• MLKendricks

    The bridge is decent. Turning lane, bike lane interference might be tough but we’ll see. The worst issue on Wells is right before the bridge though. The area south of Kinzie and before the bridge is a problem. Speeding cars heading towards the bridge. A bus stop with buses weaving across the bike lane back towards the thru-lanes with some cars weaving towards the right turn lane across the bike lane to reach Merchandise Mart Plaza St. Pedestrians trying to cross between the walkway mid-block to reach the Merchandise Mart with the previous crosswalk removed have to dodge cars as well. And to top it all off its pretty dark and not illuminated under the CTA station during the day. Now that construction is done, Chicago DOT needs to handle the bad situation before they hit the bridge.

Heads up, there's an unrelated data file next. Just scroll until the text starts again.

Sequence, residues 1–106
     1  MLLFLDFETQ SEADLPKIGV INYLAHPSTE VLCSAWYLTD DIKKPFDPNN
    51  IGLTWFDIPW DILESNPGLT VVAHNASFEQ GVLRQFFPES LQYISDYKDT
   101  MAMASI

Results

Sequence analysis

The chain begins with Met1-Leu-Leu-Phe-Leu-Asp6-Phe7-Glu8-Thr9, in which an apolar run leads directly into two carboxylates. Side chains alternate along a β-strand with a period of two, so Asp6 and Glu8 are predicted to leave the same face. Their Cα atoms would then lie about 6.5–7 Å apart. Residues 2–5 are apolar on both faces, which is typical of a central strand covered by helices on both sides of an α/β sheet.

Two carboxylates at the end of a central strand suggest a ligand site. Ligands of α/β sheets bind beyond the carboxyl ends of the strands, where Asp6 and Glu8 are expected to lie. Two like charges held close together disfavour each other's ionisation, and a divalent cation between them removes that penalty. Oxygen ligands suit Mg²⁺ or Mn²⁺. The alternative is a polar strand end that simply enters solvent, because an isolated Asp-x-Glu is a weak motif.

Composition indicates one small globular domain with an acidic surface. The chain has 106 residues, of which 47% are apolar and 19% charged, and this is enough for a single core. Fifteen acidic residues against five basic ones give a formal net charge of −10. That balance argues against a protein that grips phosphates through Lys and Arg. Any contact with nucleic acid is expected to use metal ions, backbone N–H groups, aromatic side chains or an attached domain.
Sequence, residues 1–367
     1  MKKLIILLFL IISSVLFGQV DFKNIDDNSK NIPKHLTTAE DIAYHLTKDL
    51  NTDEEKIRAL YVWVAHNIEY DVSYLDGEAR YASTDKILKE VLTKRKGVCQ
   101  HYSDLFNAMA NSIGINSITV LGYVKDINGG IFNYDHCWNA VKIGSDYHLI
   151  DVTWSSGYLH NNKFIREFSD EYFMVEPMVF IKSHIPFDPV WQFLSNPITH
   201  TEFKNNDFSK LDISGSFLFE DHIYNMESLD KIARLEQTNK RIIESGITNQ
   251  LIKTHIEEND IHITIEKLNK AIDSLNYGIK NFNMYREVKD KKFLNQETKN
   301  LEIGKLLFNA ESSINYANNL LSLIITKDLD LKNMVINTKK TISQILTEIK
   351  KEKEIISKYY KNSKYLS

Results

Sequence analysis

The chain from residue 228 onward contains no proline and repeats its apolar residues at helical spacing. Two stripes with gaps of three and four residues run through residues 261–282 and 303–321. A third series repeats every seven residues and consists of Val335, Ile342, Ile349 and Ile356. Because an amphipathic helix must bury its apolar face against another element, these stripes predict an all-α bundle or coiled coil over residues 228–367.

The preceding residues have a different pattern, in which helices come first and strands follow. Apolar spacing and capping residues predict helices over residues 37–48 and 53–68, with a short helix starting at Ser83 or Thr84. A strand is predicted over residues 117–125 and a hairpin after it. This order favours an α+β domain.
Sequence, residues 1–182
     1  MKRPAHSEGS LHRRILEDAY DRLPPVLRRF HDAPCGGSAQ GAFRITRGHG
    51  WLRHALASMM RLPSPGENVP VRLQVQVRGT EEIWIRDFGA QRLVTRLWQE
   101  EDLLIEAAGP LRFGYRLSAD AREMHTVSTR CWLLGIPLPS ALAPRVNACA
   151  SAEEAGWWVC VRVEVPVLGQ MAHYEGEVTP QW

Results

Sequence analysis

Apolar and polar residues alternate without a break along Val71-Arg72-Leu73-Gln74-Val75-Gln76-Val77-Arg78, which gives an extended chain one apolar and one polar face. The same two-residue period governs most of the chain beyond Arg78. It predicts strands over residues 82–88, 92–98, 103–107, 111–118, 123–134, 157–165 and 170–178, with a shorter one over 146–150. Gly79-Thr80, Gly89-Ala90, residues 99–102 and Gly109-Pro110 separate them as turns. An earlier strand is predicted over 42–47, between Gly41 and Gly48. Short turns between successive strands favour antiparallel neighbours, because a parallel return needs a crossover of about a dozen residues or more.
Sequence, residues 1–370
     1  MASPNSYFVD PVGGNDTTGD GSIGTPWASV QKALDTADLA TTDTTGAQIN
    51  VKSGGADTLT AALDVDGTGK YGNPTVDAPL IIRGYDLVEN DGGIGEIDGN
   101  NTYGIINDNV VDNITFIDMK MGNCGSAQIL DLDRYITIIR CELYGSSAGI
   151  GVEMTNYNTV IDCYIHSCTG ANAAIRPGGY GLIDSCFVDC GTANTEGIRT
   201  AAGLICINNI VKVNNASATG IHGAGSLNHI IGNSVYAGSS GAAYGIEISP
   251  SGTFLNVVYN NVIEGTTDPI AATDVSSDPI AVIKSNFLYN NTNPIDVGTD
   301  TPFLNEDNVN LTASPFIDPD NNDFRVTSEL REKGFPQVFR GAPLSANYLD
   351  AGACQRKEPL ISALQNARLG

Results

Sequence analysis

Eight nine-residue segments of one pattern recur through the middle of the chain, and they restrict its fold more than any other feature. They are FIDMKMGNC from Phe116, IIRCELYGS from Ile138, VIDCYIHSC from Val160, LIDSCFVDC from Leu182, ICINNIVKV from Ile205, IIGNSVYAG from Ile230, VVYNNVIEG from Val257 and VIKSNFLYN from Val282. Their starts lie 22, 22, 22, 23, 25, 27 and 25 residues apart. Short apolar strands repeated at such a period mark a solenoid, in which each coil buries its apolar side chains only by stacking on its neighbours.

• I agree. I appreciate the concrete section that spans 100% of the length of the bridge, but riding between two lanes of cars is uncomfortable.

  • I think this would be a great place to try a bus stop island so that the bike lane can be against the curb. Taxis should not be allowed to pickup/drop off here – there’s a dedicated area in front of the Mart for this. The bus stop island would shorten the mid-block crossing (that exists in everyone’s minds but not in the infrastructure).

  • They’ve been in Chicago for 2.5 years now, with Kinzie having the first two (but not very well-maintained).

  • Adam Herstein

    The bike box is nice, but in my personal experience, they are frequently (read: almost always) ignored by people driving cars.